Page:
Unfortunately…One of my favorite grouse species is the most political bird in North America.
The Greater Sage Grouse (Centrocercus urophasianus) or the spiny-tailed pheasant as Lewis and Clark described them in 1806 once inhabited 16 Western states and 3 Canadian providences. Their historic distribution has decreased significantly over the past 100 years due to destruction of the Sea of Sage that once was predominant in the American West. Reports of population reduction as high as 85% in certain regions are blamed by many components such as wild fires, draught, West Nile Virus, Coccidiosis, Giardiasis, loss of habitat (some 80 million acres of sage brush), over grazing of our public lands, roads and fences, urban sprawl, wind power and gas/oil exploration and development…the list goes on ad nausea. Researches, ranchers and politicians will never agree on the status of the Greater Sage Grouse, but their listing on the Endangered Species Act is inevitable.
I could get on a soap box and rant like a heretic about the Bureau of Land Mis-Mangement, piss-poor real-estate deals where subdivisions were placed on known leks, ranchers without range management skills, etc, etc, etc…but that’s not what Setter Feathers adheres to.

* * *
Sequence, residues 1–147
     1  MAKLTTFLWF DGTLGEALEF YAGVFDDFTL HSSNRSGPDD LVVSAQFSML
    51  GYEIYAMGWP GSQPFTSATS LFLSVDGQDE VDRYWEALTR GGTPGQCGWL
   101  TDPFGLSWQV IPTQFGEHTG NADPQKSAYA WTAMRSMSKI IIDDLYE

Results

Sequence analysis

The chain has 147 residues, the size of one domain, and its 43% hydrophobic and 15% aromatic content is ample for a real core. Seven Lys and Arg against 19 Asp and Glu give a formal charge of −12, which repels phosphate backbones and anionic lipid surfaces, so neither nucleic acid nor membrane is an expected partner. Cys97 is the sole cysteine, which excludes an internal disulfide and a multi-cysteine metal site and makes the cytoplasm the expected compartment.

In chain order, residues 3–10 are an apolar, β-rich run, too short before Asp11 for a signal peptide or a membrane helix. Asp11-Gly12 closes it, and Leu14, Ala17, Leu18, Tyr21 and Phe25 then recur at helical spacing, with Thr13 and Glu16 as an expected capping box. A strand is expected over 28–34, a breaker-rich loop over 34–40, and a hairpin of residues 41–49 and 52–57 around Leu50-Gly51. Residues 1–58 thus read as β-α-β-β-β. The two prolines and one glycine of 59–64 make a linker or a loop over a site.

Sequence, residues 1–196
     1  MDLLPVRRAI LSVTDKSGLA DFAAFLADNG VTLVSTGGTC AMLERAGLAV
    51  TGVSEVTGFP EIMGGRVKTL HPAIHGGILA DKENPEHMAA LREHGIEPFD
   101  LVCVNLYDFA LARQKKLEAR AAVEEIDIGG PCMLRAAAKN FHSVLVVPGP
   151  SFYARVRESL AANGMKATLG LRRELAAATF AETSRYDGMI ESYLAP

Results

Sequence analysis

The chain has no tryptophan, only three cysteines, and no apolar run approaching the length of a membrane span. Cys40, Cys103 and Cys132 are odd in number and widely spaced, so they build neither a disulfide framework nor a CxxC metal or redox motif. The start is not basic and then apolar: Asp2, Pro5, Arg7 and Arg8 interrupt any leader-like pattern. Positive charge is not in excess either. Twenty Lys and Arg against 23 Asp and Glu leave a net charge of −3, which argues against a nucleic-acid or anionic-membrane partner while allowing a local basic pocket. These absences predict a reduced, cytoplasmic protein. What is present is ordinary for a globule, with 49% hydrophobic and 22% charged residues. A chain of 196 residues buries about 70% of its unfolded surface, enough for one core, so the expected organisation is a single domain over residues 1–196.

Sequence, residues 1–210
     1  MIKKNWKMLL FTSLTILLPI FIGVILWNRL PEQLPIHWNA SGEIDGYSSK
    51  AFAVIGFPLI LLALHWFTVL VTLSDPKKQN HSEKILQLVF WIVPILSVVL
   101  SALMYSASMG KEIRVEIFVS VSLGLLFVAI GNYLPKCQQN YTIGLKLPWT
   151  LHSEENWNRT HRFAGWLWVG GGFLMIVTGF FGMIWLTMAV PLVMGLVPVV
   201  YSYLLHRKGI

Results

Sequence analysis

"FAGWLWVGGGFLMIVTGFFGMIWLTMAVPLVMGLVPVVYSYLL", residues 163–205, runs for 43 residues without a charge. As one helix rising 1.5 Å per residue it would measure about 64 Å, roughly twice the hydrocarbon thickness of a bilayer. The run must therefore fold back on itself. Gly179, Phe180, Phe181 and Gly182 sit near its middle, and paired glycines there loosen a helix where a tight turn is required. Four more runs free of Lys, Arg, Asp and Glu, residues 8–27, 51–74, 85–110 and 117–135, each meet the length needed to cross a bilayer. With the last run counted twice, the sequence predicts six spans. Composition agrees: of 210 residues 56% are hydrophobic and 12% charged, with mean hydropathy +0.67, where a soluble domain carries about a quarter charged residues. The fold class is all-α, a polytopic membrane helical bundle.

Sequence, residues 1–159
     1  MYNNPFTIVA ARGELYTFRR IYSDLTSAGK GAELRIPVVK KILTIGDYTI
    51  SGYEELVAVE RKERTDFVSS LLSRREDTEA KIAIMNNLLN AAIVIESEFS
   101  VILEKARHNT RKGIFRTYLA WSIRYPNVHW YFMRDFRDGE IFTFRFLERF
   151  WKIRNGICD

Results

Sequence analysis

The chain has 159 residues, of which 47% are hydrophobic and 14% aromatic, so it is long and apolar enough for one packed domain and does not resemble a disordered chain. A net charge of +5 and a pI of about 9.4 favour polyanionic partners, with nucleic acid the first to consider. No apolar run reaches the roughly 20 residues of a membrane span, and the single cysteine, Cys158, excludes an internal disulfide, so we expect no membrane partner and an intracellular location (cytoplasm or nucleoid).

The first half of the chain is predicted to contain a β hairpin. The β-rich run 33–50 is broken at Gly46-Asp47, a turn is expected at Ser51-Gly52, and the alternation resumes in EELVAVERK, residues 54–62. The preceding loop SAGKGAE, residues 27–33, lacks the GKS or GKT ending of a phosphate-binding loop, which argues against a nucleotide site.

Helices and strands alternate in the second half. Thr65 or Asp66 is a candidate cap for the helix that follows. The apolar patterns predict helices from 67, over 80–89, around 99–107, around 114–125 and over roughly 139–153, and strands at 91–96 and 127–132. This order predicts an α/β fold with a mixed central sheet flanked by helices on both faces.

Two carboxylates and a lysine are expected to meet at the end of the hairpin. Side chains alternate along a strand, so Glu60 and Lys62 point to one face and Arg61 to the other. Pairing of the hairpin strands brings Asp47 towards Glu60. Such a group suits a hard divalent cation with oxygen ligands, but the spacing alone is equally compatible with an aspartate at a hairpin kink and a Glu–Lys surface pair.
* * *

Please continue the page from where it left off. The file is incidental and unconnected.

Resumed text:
Greater Sage Grouse season opened in Colorado on Saturday September 10th 2011. Sterling and I migrated north to pursue these glorious bombers out on their Sea of Sage…with two minor stops in route. We chased blue grouse at 8,500 ft for first part of the morning in typical Colorado September weather. Gretchen had a very nice find on a covey of blue grouse on a ridge way above Sterling and I.
Our Second detour was for mountain sharp-tails (aka Columbian Sharp-Tailed Grouse)…when we reached the covert, it was 80 degrees and too hot for the dogs…our success here was one wild flushing sharp-tailed grouse and plenty of exercise.
We arrived at our destination in time for a wonderful dinner and hotel happy hour…
Saturday morning was picture perfect. Gep had a nice point on two male sage grouse, and Sterling was able to accomplish a goal on his bucket list by harvesting a trophy male that was shipped today to his taxidermist. The dog work was splendid and the company can’t get much better. I love these birds and the environs they reside.